17 Feb Mixing Things Up
In previous Natural Rhythms we have briefly touched on the unique property of water in that, unlike almost all other substances, water molecules expand when they crystallize, becoming less dense and floating above water’s liquid form. Surface ice provides insulation for the water below, allowing many ponds, lakes and rivers to remain mostly liquid through the winter, and aquatic life to persist through the year.
Curious is the fact that the surface of Lake Tahoe does not freeze, and many sources will cite Tahoe’s size, currents or a combination of the two as the explanation. Lake Tahoe’s size clearly cannot explain its lack of freezing, as Russia’s Lake Baikal has more than 160 times the volume of Tahoe, yet freezes so thick that freight is driven over its surface during winter. When one considers the currents and storms that move Arctic and Antarctic waters, not to mention the volumes of water involved, as well as the depths to which seawater freezes in those regions (and the fact that seawater freezes at approximately 28 degrees Fahrenheit), it becomes apparent that depth also cannot explain Tahoe’s lack of freezing.
What it really comes down to is Tahoe’s impressive ratio of depth to surface area in the context of our relatively mild climate. Cold liquid water is dense and does sink, to a point. When water temperature drops below approximately 39 degrees Fahrenheit, it begins to rise back up to the surface. For ice to form, the entire water column must reach 39 degrees, at which time the surface water will remain at the surface, and can cool below freezing temperature. However, because of Lake Tahoe’s depth, cold water at the surface has a long way to sink, and the temperatures at the surface are never sufficient to cool the top 500 to 600 feet of The Lake below the critical threshold.
Winter is a critical time for mixing Tahoe’s 41 trillion gallons. In the summer months, warm surface temperatures lead to stratification, with a considerably warmer layer on the surface and a transition zone in which temperature changes rapidly with depth, both buoyed above the denser, cooler water below 350 to 400 feet. Under these stable conditions, oxygen has a very difficult time penetrating to the deeper water and over time can lead to a dead zone at The Lake’s bottom. Stratification also dampens the cycling of nutrients through the water column.
The timing and duration of this stratification is highly variable, though it is fair to say that it happens for about half the year. However, signs of climate change have already been revealed in the patterns of water temperature and stratification over the last few decades. Researchers at the UC Davis Tahoe Environmental Research Center (TERC) have reported that lake stratification now begins an average of 5 days earlier and persists 17 days later than when monitoring began in the late 1960s. Additionally, deep water temperatures have increased by one full degree Fahrenheit since 1970. This may not seem like much, but it is quite a large shift considering the volume of water, and it may have a serious impact on mixing.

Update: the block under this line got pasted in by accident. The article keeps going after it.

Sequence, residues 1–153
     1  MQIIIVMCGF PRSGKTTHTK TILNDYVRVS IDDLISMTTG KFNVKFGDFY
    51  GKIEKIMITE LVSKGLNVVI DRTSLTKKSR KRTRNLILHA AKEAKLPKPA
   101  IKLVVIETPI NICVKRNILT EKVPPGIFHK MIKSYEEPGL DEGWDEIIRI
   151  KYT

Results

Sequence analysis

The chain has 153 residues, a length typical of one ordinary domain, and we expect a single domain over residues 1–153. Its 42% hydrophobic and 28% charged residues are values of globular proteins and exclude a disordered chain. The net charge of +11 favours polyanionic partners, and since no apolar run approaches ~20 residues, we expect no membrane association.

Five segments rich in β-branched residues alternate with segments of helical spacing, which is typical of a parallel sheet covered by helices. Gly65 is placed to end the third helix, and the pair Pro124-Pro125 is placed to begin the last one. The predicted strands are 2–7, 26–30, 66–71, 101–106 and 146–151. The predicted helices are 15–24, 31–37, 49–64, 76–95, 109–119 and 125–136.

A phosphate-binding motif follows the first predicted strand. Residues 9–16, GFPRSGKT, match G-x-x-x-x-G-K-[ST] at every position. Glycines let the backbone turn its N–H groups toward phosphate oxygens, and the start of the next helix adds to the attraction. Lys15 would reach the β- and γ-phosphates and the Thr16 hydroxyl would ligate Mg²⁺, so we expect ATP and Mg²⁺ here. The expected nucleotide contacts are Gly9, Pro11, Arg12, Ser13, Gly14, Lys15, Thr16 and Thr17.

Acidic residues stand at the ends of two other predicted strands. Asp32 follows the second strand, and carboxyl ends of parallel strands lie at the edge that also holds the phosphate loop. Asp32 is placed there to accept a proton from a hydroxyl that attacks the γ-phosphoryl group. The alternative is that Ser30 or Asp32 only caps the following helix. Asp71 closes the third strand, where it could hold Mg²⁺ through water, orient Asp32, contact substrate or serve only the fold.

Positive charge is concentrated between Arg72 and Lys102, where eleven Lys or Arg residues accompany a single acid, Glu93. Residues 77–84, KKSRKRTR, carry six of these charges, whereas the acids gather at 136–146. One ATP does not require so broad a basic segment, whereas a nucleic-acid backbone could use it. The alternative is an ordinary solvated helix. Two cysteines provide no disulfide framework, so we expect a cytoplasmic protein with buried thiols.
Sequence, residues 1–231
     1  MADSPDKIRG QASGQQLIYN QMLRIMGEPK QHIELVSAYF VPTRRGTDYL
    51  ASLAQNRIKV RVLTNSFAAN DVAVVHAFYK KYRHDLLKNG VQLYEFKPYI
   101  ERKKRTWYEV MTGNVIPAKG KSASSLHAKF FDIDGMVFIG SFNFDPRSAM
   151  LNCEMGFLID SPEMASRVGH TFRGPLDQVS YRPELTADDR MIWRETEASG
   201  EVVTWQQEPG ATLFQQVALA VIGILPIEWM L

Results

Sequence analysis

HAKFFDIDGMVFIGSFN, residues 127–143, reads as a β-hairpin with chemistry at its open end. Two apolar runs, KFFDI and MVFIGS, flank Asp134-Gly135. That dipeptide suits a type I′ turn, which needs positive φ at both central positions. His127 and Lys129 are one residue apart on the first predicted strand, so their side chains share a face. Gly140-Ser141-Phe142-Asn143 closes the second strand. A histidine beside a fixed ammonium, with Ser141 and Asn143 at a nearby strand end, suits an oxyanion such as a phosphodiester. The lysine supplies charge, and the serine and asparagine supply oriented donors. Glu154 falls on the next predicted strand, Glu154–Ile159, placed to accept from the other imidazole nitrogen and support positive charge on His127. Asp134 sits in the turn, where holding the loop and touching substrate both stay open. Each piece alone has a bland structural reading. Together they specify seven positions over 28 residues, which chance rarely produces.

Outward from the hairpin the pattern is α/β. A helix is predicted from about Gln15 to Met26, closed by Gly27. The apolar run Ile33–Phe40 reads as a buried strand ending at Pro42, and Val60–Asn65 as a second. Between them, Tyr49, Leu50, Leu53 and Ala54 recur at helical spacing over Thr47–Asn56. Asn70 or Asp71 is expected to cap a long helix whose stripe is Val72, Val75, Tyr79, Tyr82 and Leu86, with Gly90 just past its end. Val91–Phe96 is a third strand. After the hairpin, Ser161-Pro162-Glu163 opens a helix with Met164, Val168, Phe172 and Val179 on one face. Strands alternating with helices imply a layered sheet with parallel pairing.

Other interesting changes occur during winter as well. Storms help stir up the water, adding oxygen and driving colder water down faster. Several feet of snow falling on the surface of The Lake during a storm will cause considerable rapid cooling and may cause ice to form in shallow areas. If the snow falls fast enough, it may even displace the water over portions of The Lake’s edge. Shorter days and a lower sun angle mean reduced ultraviolet radiation, which causes zooplankton and algae to move up in the water column. This can lead to significant shifts in the depth and activity patterns in the entire food chain.
For fishermen willing to brave harsh conditions, stormy weather and dark days also appear to bring Tahoe’s lake trout out of the depths and close to the surface. With less solar input, much of the algae and phytoplankton simply dies off during the winter, and wave action from storms break down algae along the shore. The cooling, descending surface water helps to sink this material, and water clarity typically improves by tens of feet during this season. If The Lake is already stratified during spring runoff, the cold meltwater plunges beneath the surface waters and can help deliver nutrients and oxygen to the deeper layers. Runoff diving below the surface also helps with water clarity. In fact, with reduced runoff bringing less silt and pollutants into The Lake overall, our current drought is actually good for lake clarity, a very thin silver lining to an otherwise undesirable state of affairs.
For more information about Lake Tahoe’s health, read TERC’s annual report at terc.ucdavis.edu/stateofthelake.
Biologist Will Richardson, executive director of the Tahoe Institute for Natural Science, www.tinsweb.org, would like to thank Heather Segale at TERC for a useful discussion on this topic.